The Claims of the Scriptures
The writers either told the truth or else they did not. If they did not tell the truth about this [i.e. that they were writing by inspiration], then how can we put any confidence in anything else they said? Why should they desire to misrepresent the truth? If they did misrepresent the truth in their claims to inspiration, then they condemned themselves most severely. The apostle Peter’s second letter was written for the sole purpose of rebuking false prophets and deceivers. One could hardly find anything that even resembles it outside of Holy Writ. The apostle Paul often Warned his reader to “lie not one to another.” In the first chapter of Romans, he listed deceit as one of the deadly sins committed by the Gentiles, which caused God to “give them up unto a reprobate mind.” The beloved John Was very outspoken against those who misrepresent the truth. He tells how Jesus rebuked some of the Jews in strong language, thus: “Ye are of your father the devil, and the lusts of your father it is your will to do. He was a murderer from the beginning, and standeth not in the Way of truth, because there is no truth in him. When he speaketh a lie, he speaketh of his own: for he is a liar, and the father thereof” (John 8:44). In Rev. 21:8 John writes: “But the fearful, and unbelieving, and abominable, and murderers, and idolaters, and all liars. their part shall be in the lake that burneth with fire and brimstone; which is the second death.” It is inconceivable that these men could write such bitter denunciations against all who misrepresent the truth when they themselves made false claims about the revelation which they gave to us.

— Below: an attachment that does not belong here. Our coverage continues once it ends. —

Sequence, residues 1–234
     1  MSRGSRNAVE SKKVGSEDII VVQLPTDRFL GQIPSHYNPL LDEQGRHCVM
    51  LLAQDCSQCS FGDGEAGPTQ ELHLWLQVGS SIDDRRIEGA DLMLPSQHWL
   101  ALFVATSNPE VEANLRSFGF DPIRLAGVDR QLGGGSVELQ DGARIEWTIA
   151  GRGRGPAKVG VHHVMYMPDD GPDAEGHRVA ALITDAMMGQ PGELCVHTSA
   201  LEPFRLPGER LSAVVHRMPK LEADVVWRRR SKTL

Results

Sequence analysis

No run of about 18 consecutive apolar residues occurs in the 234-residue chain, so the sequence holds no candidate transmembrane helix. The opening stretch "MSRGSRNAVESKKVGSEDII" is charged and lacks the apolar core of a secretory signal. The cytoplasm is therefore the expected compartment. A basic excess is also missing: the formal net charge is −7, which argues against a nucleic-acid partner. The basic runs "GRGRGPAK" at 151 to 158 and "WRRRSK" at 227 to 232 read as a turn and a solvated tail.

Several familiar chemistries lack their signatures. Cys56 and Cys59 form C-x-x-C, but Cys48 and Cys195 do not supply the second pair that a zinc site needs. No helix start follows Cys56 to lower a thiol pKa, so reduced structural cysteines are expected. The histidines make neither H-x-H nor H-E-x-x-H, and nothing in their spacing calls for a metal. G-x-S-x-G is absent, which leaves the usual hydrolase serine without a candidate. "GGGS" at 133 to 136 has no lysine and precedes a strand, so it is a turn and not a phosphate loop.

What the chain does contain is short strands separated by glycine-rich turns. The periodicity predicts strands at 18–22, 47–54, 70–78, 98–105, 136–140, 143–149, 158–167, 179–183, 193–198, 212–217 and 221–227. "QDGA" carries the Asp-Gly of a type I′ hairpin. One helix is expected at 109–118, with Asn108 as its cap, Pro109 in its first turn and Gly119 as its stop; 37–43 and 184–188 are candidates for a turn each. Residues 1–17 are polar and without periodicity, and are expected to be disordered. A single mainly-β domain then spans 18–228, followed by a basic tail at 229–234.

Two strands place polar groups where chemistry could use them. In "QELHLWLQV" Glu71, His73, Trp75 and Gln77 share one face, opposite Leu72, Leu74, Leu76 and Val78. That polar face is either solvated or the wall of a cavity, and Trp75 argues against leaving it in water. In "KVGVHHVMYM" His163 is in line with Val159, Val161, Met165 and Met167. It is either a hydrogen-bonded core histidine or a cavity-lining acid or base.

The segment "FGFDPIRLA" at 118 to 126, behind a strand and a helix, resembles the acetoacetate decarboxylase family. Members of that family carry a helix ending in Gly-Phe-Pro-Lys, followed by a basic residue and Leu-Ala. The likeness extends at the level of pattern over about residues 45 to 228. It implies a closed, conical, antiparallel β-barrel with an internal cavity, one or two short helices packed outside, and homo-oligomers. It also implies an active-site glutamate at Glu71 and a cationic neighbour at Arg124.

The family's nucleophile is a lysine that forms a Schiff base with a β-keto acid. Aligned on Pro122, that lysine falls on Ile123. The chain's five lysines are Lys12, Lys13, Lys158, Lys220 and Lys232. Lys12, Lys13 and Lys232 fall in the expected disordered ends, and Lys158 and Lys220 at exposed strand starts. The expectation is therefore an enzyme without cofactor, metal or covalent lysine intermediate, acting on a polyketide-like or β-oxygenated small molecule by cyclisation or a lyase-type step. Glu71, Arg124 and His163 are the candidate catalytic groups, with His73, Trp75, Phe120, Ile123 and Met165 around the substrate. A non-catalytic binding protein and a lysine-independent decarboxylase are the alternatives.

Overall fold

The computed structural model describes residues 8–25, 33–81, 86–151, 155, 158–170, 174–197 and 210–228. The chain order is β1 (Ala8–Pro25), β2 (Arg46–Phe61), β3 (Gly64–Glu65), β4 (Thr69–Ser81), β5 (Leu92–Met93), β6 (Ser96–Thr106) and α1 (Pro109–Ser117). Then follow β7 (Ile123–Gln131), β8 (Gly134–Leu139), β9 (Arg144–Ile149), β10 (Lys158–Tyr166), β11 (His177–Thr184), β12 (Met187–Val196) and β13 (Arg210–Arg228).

Life Line Printing and Book Co. 1948. Pages 11-12